Still further, if the intended use of the inlaid circuit makes it necessary-to employ nickel as .the conducting material, a copper base sheet il may be employed. In this case the base sheet .may be removed in the final step of the process by ychromic acid, which latter .is .substantially inert toward nickel.

In accordance with several embodiments of the invention, described below, no .resist need be ap.-

plied to the base sheet II prior to the bonding thereto of the conducting material of the inlaid circuit. For example, the base sheet I I may have a suitable soldering iiux applied thereto in the pattern of the desired circuit. The base sheet I I may then be dipped in a bath of molten solder, with the result that the solder will adhere to the base sheet in the desired pattern, that is, where the ux was previously applied. The flux may be applied by any suitable method such as painting, rolling, screening, or printing. Another alternative which would require no resist, as such, involves the spraying of molten metal against the base sheet II through a stencil. Still another possibility involves the selective application of molten solder to the base sheet by printing or rolling. In all cases, of course, the base sheet II would ultimately be removed by a solvent which is substantially inert toward the materials of the inlaid circuit. While none of these three methods would produce a printed circuit of extreme accuracy, they illustrate that the invention is not limited to the use of a resist.

In the various embodiments described above the solvents recommended for removing the base sheet II have substantially no eiect on the materials of the inlaid circuit. However, in the interest of economy or rapidity of action it may be desired to use some certain solvent in spite of its having appreciable effect on some part of the inlaid circuit. For example, a Weak solution of ferrie chloride might be used to remove an aluminum base sheet I I where copper is used for the conducting portion of the inlaid circuit. The solvent would have appreciable eiect on the copper but would act so much faster on the aluminum than on the copper that careful use of such a solvent with these materials would be practicable if the intended use of the inlaid circuit would permit some pitting of the copper. Accordingly, where it is stated herein that the solvent for the base sheet I I is substantially inert toward the materials of the inlaid circuit, it is to be understood that the degree of inertness need be only such that the iinal product is acceptable for the use intended.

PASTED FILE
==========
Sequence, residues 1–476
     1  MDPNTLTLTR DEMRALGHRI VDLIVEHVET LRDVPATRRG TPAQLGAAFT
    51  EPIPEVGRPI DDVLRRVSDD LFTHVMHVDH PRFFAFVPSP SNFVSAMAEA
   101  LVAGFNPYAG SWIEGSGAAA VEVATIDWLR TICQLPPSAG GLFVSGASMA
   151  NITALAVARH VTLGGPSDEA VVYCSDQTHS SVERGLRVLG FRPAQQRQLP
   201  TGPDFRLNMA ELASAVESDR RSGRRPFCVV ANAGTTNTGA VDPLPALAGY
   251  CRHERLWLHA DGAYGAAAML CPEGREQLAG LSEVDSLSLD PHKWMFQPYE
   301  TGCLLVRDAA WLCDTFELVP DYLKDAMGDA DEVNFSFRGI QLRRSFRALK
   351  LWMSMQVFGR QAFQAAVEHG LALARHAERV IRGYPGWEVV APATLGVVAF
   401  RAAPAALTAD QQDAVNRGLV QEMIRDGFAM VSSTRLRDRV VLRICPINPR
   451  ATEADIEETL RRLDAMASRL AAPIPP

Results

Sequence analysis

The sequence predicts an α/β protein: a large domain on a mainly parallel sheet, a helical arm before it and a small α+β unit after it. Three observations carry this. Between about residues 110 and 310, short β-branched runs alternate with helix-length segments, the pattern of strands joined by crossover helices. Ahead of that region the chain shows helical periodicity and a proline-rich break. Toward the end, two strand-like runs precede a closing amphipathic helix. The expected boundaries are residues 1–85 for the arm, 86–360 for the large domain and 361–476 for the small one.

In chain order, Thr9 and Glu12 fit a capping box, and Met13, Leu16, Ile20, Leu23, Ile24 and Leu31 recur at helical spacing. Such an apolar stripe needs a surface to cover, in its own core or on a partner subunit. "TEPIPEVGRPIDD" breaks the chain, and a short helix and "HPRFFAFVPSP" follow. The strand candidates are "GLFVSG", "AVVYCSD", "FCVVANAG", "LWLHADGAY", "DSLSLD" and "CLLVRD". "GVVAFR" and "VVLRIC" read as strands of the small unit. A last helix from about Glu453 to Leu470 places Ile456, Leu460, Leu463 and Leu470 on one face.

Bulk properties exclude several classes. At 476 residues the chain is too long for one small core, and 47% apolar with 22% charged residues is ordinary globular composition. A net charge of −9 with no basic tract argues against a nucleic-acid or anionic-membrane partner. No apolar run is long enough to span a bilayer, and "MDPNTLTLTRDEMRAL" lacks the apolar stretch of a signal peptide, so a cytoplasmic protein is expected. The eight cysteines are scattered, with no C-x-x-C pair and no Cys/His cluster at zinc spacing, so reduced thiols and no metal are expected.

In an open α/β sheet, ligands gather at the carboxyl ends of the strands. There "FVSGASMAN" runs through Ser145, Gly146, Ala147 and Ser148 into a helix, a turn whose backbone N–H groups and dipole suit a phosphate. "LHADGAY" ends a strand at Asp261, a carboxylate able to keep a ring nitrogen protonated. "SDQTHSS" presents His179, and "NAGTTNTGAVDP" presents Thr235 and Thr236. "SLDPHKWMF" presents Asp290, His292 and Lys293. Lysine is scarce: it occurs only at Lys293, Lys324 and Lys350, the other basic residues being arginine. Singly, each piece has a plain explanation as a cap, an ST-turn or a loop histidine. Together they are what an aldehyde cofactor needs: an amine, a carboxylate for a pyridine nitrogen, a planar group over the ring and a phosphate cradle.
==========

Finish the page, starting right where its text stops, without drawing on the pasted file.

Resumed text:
The above suggested alternatives to the preferred embodiment of the invention are far from being all inclusive and are intended only to illustrate that the invention lends itself readily to many embodiments Without departing from the spirit of the invention. More specically, each of the alternatives suggested above permits the removal of the base sheet II by a solvent which is relatively inert toward the various materials of the ultimate inlaid circuit. This step of the process permits the tightest possible bond between the materials of the inlaid circuit and the base sheet I I, whereby it is assured that the conducting elements of the inlaid circuit will cling securely to the base sheet I I during the application of the materials which are to form the permanent base.

While particular embodiments of the invention have been shown, it Will be understood, of course, that the invention is not limited thereto since many modications may be made, and it is, therefore, contemplated to cover by the appended claims any such modifications as fall within the true spirit and scope of the invention.

The invention having thus been described, what is claimed and desired to be secured by Letters Patent is:

l. A process for producing an inlaid circuit which comprises, applying metal in a desired circuit pattern to one surface of a metal sheet in metal-to-metal contact therewith, applying an insulating material in plastic form against said applied metal and against the adjacent areas to form an inlaid circuit, and removing said metal sheet by treating With a solvent for such sheet which is substantially inert toward the materials of Said inlaid circuit.

2. A process for producing an inlaid circuit which comprises, applying conducting material in a desired circuit pattern to one surface of a metal sheet, applying an insulating material in plastic form against said conducting material and against the exposed portion of said one surface of said sheet, and removing said sheet to which said conducting material and said insulating material are applied by treating with a solvent for said sheet which is substantially inert toward said conducting material and said insulating material.